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Jobs, expenses cut to balance IUP budget

Indiana University of Pennsylvania cut jobs and trimmed department expenses to overcome an $8 million deficit and finalize its 2010-11 budget this week, officials said.

The initial budget included nearly $189 million in expenses, which would have exceeded expected revenues by about $8.6 million. That deficit was eliminated with about $4.1 million in permanent budget cuts and about $4.5 million in temporary cuts. The final budget was about $500,000 lower than last year.

Dr. Cornelius Wooten, vice president for administration and finance, said that only vacant faculty positions were cut. These included 11 permanent full-time jobs and about 23 temporary jobs for a savings of $2.4 million.

Wooten's office did not provide a detailed list of budget cuts because the specifics were not finalized, but a summary showed that savings came from reductions to the operating budgets of the academic affairs and student affairs departments as well as cuts to personnel in those departments and in administration and finance. The budget used more than $800,000 in carryover savings.

The budget includes a 3.43 percent increase in tuition and smaller increases in student fees.

New tuition rates were not available, but last year, in-state undergraduates paid $2,777 per semester, while out-of-state students paid $6,943. In-state graduate students paid $3,333, and out-of-state students paid $5,333.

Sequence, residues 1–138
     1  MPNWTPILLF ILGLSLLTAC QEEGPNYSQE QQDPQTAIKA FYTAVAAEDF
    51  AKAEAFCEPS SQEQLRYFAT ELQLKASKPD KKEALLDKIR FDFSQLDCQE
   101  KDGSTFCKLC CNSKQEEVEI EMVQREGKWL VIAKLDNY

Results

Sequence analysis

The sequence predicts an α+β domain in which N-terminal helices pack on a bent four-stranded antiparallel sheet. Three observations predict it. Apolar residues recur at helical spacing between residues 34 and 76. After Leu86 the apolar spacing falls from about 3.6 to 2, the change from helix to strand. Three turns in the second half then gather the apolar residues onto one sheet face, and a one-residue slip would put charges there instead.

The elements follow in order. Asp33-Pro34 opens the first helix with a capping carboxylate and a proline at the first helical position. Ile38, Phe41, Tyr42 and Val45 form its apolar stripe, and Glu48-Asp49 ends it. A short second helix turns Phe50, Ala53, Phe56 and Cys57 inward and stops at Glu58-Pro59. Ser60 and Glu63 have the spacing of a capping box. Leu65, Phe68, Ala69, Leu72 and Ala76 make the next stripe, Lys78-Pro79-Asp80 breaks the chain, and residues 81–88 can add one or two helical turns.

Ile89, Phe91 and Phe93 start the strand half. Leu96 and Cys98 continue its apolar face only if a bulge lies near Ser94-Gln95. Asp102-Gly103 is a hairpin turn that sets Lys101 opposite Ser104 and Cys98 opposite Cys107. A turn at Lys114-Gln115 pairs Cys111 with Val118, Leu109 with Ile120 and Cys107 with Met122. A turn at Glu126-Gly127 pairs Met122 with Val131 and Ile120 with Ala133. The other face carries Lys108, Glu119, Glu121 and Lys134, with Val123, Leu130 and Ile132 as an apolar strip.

Francisco Alarcón, vice president of IUP's chapter of the Association of Pennsylvania State College and University Faculties, said that the union was "seriously concerned" about the cuts to faculty positions.

"Eliminating 30 positions means you will have eliminated about 100 courses per semester," he said. "The only way that can be accomplished is by increasing class sizes or by not offering certain things. It can have the potential impact of actually delaying graduation."

With a projected fall enrollment of up to 15,200 students, Alarcón said cutting jobs was especially worrisome to the 800 permanent and temporary faculty members because the university has lost about 100 tenure-track positions in the past decade.

"They say we're in a bad position, that we need to tighten our belts, but faculty have been doing that," said Alarcón, who chairs the math department.

There may be more belt-tightening to come as IUP looks to 2011-12, when the university will lose about $5 million in federal stimulus dollars.

In an e-mail, Wooten said that the university may cut more faculty positions, possibly through furloughs. Wooten said there would be new "revenue generation efforts" and "cost containment strategies."

"The university community will be fully engaged in this process," Wooten said. "Every effort will be made to protect IUP's central core mission, the academic integrity of the university, and to preserve quality, excellence and essential services."

Alarcón said the faculty union is planning to meet with the administration later this month to discuss next year's budget.

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